C++ Lib or Dll?

I have been looking into Developing Win8 Games using C++ and the first question I was faced with was should I use a C++ Lib or a C++ Dll, and what is the difference, why should I choose one over the other..? Here is what I have found (that it doesn’t really matter):

The Kool Aid:“Using dynamic linking instead of static linking offers several advantages. DLLs save memory, reduce swapping, save disk space, upgrade easier, provide after-market support, provide a mechanism to extend the MFC library classes, support multilanguage programs, and ease the creation of international versions.”
Lib-This is a code “bundle” inside your .exe DLL-This is a stand alone unit of code.
  •  Code ia always loaded with the executable
  • Can speed up app load time
  • Small hit when the .dll loads
  •  Can be defered at App load time
Compiled Size
  •  Larger file size for .Exe
  •  Many smaller filles
  • Can only be used at compile time.
  • Not prone to versioning problems.
  • You will need to take extra steps to get the PDB’s rolled into the DLL PDB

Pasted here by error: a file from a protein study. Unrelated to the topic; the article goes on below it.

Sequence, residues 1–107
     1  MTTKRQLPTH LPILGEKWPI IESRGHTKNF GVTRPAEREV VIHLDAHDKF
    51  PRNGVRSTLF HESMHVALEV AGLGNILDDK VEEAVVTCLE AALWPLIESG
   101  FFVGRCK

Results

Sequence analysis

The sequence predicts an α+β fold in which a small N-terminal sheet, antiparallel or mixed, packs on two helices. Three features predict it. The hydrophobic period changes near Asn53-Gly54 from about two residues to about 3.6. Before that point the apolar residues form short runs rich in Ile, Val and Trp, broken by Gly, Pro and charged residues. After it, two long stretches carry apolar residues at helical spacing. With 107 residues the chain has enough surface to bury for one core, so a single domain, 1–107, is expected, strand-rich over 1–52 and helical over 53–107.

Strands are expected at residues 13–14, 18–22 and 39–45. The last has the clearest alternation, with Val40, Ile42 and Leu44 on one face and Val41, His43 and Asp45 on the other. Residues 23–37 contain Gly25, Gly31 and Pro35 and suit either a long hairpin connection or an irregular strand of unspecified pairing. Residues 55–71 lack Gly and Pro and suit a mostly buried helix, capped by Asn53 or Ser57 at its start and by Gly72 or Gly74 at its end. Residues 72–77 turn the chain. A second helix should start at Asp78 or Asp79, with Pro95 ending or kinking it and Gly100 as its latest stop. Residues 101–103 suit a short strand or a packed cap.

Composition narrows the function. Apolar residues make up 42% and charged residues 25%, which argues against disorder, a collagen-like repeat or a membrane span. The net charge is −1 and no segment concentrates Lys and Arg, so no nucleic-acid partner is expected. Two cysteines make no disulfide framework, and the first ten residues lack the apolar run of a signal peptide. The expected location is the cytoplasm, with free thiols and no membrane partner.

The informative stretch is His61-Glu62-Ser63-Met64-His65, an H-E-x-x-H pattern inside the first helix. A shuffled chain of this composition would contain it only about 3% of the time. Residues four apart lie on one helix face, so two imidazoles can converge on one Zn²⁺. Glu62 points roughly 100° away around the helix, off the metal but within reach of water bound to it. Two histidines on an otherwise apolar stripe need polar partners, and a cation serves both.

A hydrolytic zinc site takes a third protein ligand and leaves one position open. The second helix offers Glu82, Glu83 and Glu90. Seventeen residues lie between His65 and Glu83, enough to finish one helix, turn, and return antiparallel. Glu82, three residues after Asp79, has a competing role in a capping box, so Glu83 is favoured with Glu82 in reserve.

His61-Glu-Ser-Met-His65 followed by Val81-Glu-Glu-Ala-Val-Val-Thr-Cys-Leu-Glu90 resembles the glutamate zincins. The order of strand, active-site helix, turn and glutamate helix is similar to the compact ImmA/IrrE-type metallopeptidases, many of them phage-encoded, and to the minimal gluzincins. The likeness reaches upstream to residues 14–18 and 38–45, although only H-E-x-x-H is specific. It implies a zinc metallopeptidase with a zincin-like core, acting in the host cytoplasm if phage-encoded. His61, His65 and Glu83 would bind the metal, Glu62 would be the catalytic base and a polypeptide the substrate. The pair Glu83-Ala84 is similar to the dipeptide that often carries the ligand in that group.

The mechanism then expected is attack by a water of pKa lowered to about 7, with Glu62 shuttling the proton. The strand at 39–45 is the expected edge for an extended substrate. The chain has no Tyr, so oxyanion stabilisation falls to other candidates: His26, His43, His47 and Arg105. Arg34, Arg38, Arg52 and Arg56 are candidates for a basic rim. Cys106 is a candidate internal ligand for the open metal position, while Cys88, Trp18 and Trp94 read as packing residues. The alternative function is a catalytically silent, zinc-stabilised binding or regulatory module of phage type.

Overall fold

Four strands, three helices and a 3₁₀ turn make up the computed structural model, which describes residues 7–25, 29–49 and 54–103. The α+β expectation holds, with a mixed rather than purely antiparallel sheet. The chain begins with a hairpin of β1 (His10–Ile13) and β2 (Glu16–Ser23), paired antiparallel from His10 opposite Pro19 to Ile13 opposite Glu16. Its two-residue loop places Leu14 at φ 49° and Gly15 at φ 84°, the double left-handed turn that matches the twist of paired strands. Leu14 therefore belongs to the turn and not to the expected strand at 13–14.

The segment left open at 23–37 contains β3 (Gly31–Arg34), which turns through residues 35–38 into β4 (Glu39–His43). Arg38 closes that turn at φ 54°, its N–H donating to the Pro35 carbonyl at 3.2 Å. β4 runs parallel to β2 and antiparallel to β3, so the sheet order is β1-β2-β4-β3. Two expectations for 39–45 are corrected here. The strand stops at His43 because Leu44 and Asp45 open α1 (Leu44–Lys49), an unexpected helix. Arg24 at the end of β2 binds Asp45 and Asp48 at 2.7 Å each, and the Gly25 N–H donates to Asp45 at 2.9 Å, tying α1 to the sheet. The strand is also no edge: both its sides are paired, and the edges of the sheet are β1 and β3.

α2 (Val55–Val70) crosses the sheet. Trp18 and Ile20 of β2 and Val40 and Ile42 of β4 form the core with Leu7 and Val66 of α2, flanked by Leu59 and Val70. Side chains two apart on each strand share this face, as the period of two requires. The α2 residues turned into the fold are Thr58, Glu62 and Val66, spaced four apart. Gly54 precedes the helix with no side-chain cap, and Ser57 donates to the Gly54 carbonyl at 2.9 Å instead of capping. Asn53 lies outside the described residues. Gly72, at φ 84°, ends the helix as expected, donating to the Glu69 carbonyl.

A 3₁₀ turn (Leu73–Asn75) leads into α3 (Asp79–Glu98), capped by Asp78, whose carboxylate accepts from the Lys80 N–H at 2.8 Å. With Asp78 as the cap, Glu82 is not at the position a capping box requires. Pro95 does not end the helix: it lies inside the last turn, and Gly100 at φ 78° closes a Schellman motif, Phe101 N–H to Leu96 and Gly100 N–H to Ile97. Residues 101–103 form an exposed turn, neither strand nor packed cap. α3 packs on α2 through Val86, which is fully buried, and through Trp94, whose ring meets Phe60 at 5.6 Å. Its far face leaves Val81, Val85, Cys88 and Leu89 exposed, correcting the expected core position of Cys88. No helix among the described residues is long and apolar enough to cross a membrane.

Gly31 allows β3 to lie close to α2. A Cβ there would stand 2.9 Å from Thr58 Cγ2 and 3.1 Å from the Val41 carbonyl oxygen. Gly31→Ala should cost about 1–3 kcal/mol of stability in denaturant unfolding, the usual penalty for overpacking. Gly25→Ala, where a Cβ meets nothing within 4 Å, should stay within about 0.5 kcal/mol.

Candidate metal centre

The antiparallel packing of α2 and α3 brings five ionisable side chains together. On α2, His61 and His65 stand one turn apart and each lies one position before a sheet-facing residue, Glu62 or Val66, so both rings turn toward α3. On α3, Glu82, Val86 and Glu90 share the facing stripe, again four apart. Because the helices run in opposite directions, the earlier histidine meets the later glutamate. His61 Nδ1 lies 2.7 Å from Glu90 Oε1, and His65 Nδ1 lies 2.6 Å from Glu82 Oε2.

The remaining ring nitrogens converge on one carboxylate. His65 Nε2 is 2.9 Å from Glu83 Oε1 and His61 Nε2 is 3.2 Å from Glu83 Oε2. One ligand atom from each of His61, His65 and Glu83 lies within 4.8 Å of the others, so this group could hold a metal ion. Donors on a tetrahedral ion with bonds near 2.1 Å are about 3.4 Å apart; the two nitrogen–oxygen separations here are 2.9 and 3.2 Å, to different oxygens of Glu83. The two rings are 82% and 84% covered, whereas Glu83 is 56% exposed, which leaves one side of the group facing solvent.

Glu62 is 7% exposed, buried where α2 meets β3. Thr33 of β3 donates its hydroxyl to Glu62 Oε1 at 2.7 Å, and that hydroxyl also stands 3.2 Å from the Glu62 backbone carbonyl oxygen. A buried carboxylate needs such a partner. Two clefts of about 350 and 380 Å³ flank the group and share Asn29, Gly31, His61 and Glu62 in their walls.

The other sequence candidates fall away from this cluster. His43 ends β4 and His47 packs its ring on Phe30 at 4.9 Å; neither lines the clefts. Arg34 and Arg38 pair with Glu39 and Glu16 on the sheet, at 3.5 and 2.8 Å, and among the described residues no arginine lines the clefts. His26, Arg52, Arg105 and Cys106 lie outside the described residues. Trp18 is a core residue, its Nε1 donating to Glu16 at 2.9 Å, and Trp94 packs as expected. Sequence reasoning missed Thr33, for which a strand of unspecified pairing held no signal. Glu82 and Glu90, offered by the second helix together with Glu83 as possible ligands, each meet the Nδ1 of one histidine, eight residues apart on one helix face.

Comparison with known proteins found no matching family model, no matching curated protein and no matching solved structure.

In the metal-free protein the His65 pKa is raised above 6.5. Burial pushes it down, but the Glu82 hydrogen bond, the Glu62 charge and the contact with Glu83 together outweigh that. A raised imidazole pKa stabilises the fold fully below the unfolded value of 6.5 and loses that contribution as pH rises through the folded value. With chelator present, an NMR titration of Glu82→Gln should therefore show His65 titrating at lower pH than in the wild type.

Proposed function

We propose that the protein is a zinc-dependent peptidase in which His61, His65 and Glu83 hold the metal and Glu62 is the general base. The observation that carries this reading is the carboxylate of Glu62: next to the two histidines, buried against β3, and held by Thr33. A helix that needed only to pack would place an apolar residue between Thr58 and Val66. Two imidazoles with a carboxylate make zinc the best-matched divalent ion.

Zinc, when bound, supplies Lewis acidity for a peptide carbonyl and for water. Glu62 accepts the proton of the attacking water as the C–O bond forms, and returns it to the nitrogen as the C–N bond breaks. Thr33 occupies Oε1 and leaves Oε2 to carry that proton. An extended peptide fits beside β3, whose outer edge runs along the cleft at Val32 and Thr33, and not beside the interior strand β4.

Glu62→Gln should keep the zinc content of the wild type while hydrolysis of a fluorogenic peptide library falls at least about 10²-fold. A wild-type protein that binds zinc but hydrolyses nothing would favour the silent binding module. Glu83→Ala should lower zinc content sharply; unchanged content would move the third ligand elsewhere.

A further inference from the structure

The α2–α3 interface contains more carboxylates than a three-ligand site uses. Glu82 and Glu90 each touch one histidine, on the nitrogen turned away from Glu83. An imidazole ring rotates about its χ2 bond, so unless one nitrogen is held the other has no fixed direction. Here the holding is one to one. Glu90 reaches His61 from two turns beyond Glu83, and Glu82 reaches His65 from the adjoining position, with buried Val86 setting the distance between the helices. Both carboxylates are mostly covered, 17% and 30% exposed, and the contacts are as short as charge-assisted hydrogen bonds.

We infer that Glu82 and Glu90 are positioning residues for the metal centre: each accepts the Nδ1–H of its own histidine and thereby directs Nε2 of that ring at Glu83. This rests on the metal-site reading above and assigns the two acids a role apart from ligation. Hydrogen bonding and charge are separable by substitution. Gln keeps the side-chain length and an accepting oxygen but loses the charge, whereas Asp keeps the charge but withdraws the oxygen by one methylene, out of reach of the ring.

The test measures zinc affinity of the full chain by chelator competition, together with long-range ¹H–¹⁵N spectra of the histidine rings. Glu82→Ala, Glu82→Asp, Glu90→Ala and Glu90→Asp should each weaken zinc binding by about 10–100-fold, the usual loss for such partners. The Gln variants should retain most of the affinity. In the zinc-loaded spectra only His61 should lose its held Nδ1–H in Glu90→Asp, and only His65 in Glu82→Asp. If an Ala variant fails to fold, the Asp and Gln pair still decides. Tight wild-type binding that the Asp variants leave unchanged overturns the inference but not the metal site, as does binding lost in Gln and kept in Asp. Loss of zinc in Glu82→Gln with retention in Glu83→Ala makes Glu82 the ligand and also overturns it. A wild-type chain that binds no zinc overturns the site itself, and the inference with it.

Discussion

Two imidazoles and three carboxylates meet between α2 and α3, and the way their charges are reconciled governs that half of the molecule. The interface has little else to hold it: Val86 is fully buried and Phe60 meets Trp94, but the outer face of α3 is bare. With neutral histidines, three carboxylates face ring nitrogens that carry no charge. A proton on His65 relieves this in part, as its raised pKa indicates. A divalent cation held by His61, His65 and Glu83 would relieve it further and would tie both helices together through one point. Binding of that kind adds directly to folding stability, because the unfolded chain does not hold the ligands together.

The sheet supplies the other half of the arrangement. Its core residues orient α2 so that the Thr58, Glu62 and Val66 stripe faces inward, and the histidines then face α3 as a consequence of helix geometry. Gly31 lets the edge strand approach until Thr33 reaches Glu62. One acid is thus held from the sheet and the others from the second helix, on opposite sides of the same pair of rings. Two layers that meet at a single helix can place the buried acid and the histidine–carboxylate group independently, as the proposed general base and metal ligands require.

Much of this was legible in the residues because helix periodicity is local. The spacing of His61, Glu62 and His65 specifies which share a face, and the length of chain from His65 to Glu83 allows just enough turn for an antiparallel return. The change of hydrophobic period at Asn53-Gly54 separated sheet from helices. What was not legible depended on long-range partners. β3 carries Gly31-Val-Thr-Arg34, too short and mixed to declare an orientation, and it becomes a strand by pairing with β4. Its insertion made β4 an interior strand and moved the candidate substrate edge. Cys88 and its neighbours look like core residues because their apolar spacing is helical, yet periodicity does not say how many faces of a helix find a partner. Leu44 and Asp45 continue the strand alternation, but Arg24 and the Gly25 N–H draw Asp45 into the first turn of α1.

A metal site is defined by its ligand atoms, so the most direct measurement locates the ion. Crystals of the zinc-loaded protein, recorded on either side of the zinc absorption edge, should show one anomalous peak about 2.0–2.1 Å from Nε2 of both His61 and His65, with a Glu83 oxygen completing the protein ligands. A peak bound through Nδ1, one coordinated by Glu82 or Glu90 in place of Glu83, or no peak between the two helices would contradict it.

• Must update each product which uses it seperatly
  • Fights incompatability issues
  • requires you to replace the exe for upgrades.
  • Some say Lib’s make it easier to support many platforms
  • Can Be used by multiple Applications.
  • Can cause versioning problems.
  • Can upgrade all products at once if dll is shared across product lines
  • Forces you to update all related projects and can cause compatability maintenance issues accross your organization.
  • Allows you to upgrade the application by replacing just the dll.
  • Used by the compiler at compiletime.
  • Results in 1 Large file.
  • Compiled and called at runtime.
  • Results in many smaller files.
  •  All iOS binaries are static libs
  • Origional implimintation was the origin of DLL Hell
Architectural Considerations
  • Can cause problems with static libraries[^]
  •  Special care need to be taken when internal dependancies are not straight forward.
Legal Implications
  • If you use an LGPL library statically your code automatically becomes Open Sourced
  • If you use an LGPL library then you only have to open source the changes made to that library/

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About Larry Louisiana

I'm a Microsoft Partner Consultant.
This entry was posted in Computers and Internet, Programming, Review & Comparison and tagged , , . Bookmark the permalink.

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